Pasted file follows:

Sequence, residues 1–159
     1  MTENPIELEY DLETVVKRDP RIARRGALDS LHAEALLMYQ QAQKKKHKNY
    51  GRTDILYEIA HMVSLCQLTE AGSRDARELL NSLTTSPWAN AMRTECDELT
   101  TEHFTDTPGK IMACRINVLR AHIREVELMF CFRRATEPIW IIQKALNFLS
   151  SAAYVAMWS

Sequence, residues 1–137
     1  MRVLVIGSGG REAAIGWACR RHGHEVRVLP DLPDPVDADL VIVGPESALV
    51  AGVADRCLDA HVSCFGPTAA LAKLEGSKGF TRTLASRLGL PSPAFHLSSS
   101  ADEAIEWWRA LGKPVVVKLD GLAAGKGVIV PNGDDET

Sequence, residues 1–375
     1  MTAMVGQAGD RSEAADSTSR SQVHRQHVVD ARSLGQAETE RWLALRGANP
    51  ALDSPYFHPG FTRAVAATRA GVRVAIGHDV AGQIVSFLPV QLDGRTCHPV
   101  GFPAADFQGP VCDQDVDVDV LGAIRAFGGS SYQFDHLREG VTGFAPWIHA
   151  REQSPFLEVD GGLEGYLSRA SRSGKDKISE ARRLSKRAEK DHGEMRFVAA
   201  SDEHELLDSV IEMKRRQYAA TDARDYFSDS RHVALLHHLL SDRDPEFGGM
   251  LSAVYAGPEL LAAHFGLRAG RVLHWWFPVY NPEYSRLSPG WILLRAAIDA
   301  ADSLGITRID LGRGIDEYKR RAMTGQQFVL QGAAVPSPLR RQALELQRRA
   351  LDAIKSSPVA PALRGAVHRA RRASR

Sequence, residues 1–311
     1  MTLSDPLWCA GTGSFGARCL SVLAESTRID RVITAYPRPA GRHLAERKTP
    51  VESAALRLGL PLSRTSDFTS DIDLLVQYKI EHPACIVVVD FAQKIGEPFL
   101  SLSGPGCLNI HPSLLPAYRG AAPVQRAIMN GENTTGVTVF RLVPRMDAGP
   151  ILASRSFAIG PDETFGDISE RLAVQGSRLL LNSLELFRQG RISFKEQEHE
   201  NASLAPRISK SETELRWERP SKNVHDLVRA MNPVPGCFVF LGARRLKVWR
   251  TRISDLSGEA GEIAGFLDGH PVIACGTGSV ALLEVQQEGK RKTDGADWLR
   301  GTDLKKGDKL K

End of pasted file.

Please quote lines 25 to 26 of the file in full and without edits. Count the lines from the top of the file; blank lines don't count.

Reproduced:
   251  TRISDLSGEA GEIAGFLDGH PVIACGTGSV ALLEVQQEGK RKTDGADWLR
   301  GTDLKKGDKL K